Google has pulled one of the most popular torrent download managers from the Android Market because of policy violations. Before Google booted the application, Transdroid had been available for two years and amassed 400,000 users during that time. Thus far Google hasn’t specified what the exact nature of Transdoid’s violations are, but it’s not unlikely that they relate to copyright infringement.
For many Android users Transdroid is the perfect remote access app for managing their BitTorrent clients on the go. The app allows users to start and stop torrents, search torrent files and even use the barcode scanner to find matching torrent files.
Transdroid offered both a free and a paid version of the app, and judging from the 400,000 downloads people seemed to appreciate it. However, as of this week, Google decided that Transdroid is no longer eligible to be placed in the Android Market.
“I have just received an e-mail from Google that Transdroid, both the free and donate version, have been pulled form the Android Market. This is due to apparent violations in the content policies of publishing in the Android Market,” Transdroid’s developer announced.
Google’s notification wasn’t very clear on what the violations were, but considering the nature of the app it wouldn’t come as a surprise if they relate to copyright infringement.
According to the developer content policy apps should not be infringing copyrights in any way.
“Don’t infringe on the intellectual property rights of others, including patent, trademark, trade secret, copyright, and other proprietary rights. We will respond to clear notices of alleged copyright infringement,” the policy reads.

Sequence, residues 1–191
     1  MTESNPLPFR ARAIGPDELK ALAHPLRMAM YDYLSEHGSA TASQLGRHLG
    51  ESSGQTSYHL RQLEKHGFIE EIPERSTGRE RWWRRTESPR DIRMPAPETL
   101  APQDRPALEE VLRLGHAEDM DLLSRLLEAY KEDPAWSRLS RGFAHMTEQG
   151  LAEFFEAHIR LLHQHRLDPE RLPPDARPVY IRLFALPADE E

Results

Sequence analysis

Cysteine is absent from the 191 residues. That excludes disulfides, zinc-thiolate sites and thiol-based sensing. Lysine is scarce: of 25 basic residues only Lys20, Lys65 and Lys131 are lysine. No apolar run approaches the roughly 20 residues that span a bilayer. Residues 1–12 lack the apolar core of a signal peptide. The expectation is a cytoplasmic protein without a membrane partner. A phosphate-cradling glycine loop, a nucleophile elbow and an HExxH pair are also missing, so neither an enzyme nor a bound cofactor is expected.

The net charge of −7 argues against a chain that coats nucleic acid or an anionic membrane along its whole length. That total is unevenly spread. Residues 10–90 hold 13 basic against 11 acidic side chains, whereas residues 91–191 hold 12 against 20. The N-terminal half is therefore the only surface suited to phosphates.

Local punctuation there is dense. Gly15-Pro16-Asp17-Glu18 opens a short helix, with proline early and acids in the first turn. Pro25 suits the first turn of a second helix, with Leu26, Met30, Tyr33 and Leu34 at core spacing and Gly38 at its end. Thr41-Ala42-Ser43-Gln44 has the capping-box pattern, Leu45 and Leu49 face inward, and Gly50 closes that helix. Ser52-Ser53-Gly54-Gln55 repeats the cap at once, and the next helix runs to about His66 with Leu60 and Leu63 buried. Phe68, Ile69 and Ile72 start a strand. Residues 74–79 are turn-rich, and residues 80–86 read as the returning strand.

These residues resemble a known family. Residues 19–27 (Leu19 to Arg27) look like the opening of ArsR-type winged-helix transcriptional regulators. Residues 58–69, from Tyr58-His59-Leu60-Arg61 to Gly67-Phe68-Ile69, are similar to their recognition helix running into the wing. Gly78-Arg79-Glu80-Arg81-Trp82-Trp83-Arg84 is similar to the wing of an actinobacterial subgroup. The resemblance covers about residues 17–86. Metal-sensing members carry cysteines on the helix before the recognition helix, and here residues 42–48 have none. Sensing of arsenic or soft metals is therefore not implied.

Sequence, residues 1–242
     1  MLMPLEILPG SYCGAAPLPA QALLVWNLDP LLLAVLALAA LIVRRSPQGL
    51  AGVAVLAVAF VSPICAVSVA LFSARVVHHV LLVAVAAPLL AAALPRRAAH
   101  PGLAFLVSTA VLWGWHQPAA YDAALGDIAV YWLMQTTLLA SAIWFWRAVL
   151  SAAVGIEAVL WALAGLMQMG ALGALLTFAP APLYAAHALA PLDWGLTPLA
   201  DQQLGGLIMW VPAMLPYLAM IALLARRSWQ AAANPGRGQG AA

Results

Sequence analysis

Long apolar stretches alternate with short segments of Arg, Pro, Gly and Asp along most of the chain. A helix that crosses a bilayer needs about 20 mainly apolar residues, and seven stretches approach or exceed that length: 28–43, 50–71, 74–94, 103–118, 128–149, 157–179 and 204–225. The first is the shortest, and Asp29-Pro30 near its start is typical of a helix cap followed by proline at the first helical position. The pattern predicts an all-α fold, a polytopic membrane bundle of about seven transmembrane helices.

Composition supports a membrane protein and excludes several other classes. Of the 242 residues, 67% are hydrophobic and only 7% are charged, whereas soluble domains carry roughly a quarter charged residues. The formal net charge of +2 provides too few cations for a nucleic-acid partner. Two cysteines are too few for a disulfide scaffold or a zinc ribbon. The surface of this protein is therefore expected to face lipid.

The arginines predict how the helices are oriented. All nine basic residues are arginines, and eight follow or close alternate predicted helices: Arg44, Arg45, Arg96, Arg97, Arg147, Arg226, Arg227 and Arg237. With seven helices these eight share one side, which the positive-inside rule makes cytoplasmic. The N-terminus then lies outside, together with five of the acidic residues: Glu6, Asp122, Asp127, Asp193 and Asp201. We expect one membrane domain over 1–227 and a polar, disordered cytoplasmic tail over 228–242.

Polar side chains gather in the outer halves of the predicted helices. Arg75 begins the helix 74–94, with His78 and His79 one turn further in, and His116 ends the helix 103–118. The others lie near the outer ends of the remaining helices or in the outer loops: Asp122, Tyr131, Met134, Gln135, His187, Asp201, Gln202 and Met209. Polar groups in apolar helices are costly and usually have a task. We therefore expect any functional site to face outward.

Although Transdroid itself isn’t infringing any copyrights, the screenshots on the app’s website do feature some copyrighted downloads which Google may see as a violation of the Android developer policy. As we highlighted previously, this is not a particularly wise thing to do.
Unlike Apple, Google is not banning everything BitTorrent related, but if developers showcase infringing uses they may see no other option that to take the app down. Even Cydia, the alternative market place for iPhone apps, is taking a harsh line on file-sharing software that ‘promote’ infringing uses.
For Transdroid, however, things aren’t completely over yet. The developer has asked Google to explain what he should change so the site can be added to the Android Market again. In the meantime the app and the source code are available as a direct download through the Transdroid website.
“Thanks to all Transdroid users for their support and enthusiasm. Let me be clear that I am happy to build a version for the Android Market that does satisfy their policies and can still help thousands of happy BitTorrent users around the world,” Transdroid’s developer says.